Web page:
Whether it’s a graduation trip, an anniversary celebration or a destination wedding, traveling has never been more popular than it is today.
The Information Age that we live in has bridged the world closer together with access to instantaneous news, photographs, and videos of foreign countries. Along with it, the idea to travel feels inescapable.
Financial institutions have teamed up with airlines to reward customers with flight gratuity like Air Miles. Marketers have cleverly enticed students to visit tropical resorts during prime times like Spring Break. As a result, major newspapers have no problem filling the Travel and Tourism section, and there is a growing number of travel bloggers.
Messages of the appeal and reward to travel are wove into your day-to-day.
Natural wonders of the world, scenic hikes, and sought after landmarks catch your eye on travel brochures and Trip Advisor. You add them to your bucket list and try to tick them off, like my friend Martin Bauman when he was last in Norway.
Once on the trip, your itinerary becomes the icebreaker for conversations which can lead to memorable adventures, and even lasting friendships.
While away your perspective can become more rounded and refined, but there are repercussions to traveling too. These might not fit the captions to your Instagram photos or get discussed when you return from a thrilling trip, but they are relevant.
As a tourist, you can escape reality. You never get an honest assessment of a destination because all you see are the high points. Aside from a mission or humanitarian trip, how many times have you sought out the poverty in a foreign city? You stray from the scuzzy, lowly parts of a town for fear that it will give you a bad taste.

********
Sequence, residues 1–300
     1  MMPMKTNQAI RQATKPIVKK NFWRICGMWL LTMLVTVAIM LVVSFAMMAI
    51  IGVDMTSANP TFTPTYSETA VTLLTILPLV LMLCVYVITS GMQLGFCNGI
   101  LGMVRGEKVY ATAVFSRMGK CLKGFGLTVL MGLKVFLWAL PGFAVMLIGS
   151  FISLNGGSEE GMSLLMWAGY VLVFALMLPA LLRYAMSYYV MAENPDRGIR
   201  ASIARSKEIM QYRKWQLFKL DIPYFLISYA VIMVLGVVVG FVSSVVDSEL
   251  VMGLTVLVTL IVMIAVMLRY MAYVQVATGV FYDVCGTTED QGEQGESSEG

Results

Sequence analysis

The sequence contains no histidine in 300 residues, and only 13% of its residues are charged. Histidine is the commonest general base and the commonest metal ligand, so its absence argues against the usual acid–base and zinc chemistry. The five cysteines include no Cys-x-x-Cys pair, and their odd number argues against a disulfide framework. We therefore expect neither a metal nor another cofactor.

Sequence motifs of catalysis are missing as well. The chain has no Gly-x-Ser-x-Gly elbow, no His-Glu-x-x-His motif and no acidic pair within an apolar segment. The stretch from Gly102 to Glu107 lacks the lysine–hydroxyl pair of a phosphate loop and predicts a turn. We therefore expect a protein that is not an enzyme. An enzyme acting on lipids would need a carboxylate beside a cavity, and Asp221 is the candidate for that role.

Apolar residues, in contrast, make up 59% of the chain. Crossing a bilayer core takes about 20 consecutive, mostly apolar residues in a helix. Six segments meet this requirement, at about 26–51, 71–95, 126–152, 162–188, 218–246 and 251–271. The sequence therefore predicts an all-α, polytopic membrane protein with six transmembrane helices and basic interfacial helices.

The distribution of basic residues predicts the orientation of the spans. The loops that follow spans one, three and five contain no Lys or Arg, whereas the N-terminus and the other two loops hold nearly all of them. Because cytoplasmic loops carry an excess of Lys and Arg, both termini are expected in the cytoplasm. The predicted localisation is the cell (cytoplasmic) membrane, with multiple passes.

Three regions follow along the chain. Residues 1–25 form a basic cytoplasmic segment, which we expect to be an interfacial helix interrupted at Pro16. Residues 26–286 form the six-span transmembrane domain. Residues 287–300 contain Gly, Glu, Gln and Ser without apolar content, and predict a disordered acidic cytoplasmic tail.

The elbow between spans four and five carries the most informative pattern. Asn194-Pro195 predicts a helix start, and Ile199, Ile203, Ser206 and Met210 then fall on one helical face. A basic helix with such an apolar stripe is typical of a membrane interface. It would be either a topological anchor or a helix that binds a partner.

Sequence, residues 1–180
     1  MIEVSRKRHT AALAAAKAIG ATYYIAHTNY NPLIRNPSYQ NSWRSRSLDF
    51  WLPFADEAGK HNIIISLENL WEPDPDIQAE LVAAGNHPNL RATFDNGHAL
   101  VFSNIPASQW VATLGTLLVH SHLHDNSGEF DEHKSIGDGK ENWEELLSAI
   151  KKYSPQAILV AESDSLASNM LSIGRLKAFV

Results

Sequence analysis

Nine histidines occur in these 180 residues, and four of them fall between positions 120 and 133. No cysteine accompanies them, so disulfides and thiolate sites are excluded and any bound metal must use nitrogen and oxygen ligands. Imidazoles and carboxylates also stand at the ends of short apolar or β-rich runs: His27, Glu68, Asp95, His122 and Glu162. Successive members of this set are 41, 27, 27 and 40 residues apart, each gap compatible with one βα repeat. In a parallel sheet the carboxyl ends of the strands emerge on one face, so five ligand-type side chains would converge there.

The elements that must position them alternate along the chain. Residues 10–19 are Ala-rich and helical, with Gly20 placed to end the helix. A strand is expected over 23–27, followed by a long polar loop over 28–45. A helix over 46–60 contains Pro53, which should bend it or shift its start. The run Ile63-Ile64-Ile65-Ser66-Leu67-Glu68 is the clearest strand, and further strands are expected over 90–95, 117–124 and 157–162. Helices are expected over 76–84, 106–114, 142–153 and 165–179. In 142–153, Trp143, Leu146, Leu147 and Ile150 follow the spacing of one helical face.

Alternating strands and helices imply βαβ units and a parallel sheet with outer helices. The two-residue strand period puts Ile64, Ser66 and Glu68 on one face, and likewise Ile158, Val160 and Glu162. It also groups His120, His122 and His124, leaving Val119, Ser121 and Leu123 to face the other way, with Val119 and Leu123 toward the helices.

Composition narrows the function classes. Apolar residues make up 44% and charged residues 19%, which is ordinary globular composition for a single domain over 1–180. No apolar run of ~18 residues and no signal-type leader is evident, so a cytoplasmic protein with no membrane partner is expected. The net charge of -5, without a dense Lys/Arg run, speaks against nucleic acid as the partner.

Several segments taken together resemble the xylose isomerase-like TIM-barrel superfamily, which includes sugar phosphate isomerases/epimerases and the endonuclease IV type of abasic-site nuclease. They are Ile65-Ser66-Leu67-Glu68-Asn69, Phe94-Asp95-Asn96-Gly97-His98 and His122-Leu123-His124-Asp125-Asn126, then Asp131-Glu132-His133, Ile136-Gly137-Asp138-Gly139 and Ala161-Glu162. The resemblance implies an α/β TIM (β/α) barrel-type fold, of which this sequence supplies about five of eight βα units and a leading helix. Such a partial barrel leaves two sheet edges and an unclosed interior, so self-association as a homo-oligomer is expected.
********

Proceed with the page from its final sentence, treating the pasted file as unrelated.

The desire to travel again shortly after a trip is usually sparked out of a realization that there is more to the world than just your hometown, but it's also birthed out of a newfound freedom from responsibility. Your weekly work assignments and household chores get put on hold.
Rightfully so, the purpose of a vacation is to break from work and routine, but if you're not careful it can become the purpose of your life. Responsibilities seep through the cracks, and life becomes about chasing an imaginary dream, instead of what is tangibly in front of you.
Perhaps the most troubling part of travel is the absence from home. Not in the sense that you're 'homesick', but rather that the idea is less concrete.